South Carolina venture capital and small business loan programs will soon be able to benefit from more than $ 101 million in funding for the US’s State Rescue Plan, according to Sen. Tim Scott’s Assistant Legislative Assistant.
The fund is part of the $ 10 billion funding from the State Small Business Credit Initiative provided to states, the District of Columbia, the United States and tribal governments when ARPA signed into law March 11, 2021.
The SSBCI program first started in 2010 and lasted until 2017, during which the Economic Development Services Council described it as “one of the most successful federal programs to extend access to capital mechanisms at the time.” It has provided $ 1.4 billion in financing to more than 16,900 small businesses. After a four-year hiatus, ARPA brought the program back to life.
According to Reyes, the renewed version of the program, like its predecessor, will target venture capital, access, equity and loan schemes, as well as collateral support initiatives by governments, financial institutions and community or financial development organizations.
Borrowing schemes allow public institutions to buy interest on a loan or to lend to small businesses alongside private lenders. Loan guarantee programs allow public entities to use SSBCI funding to support lenders with at least half the amount owed to them in the event of a borrower defaulting, according to the US Treasury Department. Fund access programs differ from other fund offers by supplementing a loan loss reserve fund for both the lender and the borrower with SSBCI funds.
States submitted application forms to the US Treasury Department on February 11, and the US Treasury Department extended the application deadline to May 11 for tribal governments such as Rock Hill Catawba Nation.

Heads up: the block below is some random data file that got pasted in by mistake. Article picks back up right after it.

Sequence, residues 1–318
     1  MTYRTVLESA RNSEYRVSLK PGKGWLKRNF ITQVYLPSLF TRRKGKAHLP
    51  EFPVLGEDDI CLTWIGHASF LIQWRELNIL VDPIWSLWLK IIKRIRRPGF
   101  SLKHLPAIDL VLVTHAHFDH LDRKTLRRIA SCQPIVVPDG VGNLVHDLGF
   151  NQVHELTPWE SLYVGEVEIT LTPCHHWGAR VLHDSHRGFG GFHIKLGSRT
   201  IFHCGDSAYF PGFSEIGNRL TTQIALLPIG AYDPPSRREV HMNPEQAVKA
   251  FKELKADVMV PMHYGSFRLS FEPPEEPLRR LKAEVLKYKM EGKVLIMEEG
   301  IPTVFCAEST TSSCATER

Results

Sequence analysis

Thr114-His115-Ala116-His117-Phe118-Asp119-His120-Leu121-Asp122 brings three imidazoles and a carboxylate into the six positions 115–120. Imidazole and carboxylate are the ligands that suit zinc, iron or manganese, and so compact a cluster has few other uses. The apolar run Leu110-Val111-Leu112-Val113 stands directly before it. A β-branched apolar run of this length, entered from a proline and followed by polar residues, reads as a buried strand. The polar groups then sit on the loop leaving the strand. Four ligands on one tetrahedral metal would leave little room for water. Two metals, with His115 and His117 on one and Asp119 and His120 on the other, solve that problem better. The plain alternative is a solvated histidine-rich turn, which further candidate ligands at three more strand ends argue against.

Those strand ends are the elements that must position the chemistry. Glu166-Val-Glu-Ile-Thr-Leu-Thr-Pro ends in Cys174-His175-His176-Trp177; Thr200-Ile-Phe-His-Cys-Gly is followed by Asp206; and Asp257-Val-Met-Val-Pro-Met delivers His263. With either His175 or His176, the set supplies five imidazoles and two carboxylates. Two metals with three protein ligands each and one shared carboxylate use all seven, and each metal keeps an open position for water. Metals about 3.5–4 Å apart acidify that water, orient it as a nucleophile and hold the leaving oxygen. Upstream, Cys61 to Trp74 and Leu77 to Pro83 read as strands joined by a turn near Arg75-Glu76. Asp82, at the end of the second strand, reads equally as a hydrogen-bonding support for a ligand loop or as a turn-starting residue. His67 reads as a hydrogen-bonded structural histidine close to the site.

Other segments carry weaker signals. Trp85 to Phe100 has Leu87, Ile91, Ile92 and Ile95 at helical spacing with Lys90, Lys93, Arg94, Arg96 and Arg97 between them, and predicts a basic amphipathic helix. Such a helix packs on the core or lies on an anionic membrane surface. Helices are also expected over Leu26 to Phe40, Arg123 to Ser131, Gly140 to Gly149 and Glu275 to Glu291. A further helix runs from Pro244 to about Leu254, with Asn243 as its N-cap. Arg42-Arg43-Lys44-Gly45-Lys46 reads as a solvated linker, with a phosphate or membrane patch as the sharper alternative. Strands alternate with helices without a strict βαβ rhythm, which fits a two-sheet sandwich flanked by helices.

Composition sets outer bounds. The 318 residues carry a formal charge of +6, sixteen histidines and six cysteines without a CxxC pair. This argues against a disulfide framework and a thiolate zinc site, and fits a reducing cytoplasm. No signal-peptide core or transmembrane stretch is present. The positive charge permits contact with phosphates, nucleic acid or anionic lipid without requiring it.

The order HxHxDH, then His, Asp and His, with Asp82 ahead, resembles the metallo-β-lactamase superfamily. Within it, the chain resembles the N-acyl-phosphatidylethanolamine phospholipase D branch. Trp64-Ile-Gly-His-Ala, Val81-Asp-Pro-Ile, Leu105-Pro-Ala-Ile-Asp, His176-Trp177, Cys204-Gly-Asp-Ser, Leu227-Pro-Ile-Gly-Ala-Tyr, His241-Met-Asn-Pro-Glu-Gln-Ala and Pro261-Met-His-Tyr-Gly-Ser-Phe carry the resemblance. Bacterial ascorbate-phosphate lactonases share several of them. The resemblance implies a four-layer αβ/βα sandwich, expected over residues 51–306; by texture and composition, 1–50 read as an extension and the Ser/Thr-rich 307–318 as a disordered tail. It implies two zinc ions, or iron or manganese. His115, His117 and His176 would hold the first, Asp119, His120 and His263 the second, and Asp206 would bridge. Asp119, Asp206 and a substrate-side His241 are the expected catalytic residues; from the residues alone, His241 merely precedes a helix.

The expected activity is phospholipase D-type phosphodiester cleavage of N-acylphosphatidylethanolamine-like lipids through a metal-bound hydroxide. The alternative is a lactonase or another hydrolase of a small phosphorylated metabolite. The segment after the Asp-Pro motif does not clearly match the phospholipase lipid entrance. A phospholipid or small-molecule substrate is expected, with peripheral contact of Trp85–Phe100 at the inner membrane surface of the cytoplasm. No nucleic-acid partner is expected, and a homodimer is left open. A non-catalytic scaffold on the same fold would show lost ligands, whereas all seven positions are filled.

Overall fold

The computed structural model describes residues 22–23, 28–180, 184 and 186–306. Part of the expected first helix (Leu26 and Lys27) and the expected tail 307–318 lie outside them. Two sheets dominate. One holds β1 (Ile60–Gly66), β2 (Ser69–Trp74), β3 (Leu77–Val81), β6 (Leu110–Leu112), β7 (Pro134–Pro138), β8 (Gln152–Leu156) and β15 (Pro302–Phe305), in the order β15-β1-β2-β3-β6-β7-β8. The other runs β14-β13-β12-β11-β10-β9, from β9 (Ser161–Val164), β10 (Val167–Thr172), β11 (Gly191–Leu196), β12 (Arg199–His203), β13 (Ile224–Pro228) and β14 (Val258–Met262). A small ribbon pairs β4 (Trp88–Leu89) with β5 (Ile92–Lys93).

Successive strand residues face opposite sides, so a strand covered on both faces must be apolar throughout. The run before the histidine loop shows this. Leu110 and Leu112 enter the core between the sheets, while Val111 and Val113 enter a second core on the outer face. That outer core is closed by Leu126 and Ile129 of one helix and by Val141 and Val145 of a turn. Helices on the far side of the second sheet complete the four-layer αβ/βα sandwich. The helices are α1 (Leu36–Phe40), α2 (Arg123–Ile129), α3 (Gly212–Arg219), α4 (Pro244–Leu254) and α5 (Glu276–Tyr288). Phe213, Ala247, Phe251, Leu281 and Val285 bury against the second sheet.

All jurisdictions, except tribal governments, must apply to the Treasury Department for technical assistance by June 30, but as of publication, the application instructions had not yet been posted on the Treasury Department website – it is still the best source of information for SSBCI, according to Reyes.
“They provide a lot of useful resources that analyze it,” he told representatives of the credit union and community development who were present in Ten at the Top 16 Upstate Entrepreneur Ecosystem meeting on March 16.
According to the website, approximately $ 56 million in SSBCI funding will be allocated to South Carolina Main Capital, $ 4 million to micro-venture capital, and $ 26 million to private equity or socially disadvantaged businesses. are called “SEDI companies”. by the Ministry of Finance. The state will have initial access to $ 14 million.
As of March 3, the Treasury Department began collecting demographic data from participating jurisdictions on the race, nationality, sexual orientation, and gender identity of small business owners to measure the impact of the program on SEDI businesses.
“The design of the State Small Business Credit Initiative is intended to help correct the unfortunate reality that underprivileged communities have faced historically greater barriers to accessing funds than others, preventing them from pursuing their business ideas and ambitions,” he said. US Treasury Wally Adeyemo. a press release. “This new report will give the Ministry of Finance the information we need to assess the impact of this program on communities across the country and work to provide those communities with the capital they need to realize their business visions.” .
Reach Molly Hulsey at 864-720-1223.